There are some differences between the arcade version of the game and the US TG-16 version of Splatterhouse The first and most obvious change is that for some reason, the console version has the Terror Mask’s colour turned from white to red. Perhaps to avoid a Jason Voorhees comparison? There also a different boss at the end of the fourth level. In the original arcade version, Splatterhouse features a living inverted crucifix which is surrounded by floating severed heads. On the console version, it’s just a giant blue head. Lame. This is most likely because a lot of states banned the arcade version of Splatterhouse due to graphic imagery and satanic metaphor. There’s also a slightly different ending to the game on the console version which foreshadows the last level of Splatterhouse 3. Now that my friends, is thinking far ahead. Especially in those days. Finally, the only real noticeable difference is the graphical quality and the fact that the arcade version of the game is noticeably easier.
Since Splatterhouse originally hit the coin op circuit nearly twenty years ago, almost every company that has put out a horror game has included some sort of homage to it. For example, EVERY Resident Evil game has a slight nod to the series. RE4 features not one but TWO bosses from Splatterhouse. The creature in the lake from RE4 is a spitting image of the thing in the lake from the last level of Splatterhouse 2, and the chainsaw zombies in the game are replicas of “Biggee Man” who is the third level boss in the first Splatterhouse. So for all the RE zealots out there, just remember even the Final Fantasy of Survival Horror falls down to its knees and worships at the altar of the Terror Mask.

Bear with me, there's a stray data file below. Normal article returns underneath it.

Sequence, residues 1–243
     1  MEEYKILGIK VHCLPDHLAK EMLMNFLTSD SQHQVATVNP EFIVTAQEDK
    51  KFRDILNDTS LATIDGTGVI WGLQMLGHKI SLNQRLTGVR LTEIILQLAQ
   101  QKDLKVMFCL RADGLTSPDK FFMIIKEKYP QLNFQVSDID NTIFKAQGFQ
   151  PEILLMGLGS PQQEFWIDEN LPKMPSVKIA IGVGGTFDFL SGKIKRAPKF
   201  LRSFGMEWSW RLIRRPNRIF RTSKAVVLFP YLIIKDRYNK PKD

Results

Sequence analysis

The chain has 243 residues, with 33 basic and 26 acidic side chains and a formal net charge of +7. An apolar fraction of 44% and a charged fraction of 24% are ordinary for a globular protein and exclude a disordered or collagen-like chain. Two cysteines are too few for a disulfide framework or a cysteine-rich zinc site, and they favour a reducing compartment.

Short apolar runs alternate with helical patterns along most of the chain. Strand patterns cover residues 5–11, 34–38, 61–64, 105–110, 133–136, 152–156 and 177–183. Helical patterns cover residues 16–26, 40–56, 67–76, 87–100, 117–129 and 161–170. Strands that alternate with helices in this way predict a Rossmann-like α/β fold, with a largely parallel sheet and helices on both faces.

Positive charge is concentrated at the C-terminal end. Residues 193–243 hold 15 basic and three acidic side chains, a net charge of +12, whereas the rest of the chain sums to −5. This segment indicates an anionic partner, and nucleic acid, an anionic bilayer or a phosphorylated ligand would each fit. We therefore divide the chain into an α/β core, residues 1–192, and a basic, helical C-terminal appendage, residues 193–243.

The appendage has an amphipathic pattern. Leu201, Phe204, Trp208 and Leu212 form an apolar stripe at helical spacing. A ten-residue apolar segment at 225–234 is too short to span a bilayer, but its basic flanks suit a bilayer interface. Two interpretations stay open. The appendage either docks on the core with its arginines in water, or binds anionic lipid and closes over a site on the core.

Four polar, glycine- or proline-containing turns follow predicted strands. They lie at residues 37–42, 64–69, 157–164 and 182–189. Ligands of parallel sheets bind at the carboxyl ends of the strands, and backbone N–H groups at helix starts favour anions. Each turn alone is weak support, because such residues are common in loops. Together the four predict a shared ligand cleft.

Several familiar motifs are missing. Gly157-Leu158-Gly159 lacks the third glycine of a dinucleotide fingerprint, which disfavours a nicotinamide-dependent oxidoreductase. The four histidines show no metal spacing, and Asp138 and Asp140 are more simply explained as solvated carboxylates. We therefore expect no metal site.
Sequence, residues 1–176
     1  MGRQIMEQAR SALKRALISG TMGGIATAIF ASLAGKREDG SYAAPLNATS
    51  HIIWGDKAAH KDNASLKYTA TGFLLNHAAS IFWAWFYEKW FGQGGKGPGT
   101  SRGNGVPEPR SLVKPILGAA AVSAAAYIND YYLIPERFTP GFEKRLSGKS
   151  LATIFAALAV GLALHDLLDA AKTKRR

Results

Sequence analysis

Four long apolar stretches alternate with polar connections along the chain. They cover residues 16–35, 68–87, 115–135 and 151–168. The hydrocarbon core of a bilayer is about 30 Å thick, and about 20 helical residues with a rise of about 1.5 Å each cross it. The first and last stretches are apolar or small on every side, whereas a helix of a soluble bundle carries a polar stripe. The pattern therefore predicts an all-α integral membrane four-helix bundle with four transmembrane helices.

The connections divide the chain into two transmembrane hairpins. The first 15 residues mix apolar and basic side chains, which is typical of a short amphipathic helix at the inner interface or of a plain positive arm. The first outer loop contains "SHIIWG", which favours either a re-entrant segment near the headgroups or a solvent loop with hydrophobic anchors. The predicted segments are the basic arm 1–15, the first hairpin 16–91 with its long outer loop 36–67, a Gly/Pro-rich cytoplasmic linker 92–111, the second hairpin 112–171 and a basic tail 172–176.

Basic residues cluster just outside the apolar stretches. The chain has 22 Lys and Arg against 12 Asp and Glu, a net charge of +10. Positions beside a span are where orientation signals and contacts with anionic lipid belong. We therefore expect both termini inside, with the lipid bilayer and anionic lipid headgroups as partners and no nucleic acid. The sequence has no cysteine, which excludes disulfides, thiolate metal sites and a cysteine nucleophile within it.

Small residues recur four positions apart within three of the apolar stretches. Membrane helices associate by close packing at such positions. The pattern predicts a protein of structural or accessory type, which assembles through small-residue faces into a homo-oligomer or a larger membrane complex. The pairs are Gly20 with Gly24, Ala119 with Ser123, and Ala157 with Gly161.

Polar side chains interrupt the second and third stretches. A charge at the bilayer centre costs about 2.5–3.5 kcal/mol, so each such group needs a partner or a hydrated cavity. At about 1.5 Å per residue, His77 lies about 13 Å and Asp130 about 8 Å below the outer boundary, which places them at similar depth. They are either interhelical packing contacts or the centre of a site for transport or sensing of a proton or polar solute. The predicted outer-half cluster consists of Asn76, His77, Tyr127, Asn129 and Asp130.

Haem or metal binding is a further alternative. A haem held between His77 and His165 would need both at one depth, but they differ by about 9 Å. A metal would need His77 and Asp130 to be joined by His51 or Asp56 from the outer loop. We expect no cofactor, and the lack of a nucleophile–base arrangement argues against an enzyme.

Splatterhouse was one of the best overall games of the 16 bit era, featuring a strong story, graphics far ahead of its time, excellent controls, and a wonderful soundtrack. The story wrapped up perfectly with no loose ends left at the end of the third and final game of the series, but who knows? Fans of the series can jump up and down for joy as Namco is reviving the series with a new game for the PS3 and 360. You can read my interview with the dev team here.
Without Splatterhouse, it is feasible to argue we would never have had Survival Horror as a genre. Without Splatterhouse, people would not have been inspired to make Clock Tower, Resident Evil, Silent Hill, or Echo Night. It is a real testament to the quality of a single arcade coin-op that it was not only the first of an entire genre of gaming, but that it is still easily amongst the ten best ever made in this genre. If you’re even a fan of the genre in the slightest, you owe it to yourself to sit down and play through Splatterhouse. You’ll be amazed at how many things have been lifted from this twenty year old game and are still being used/ripped off/used as tributes in 2008.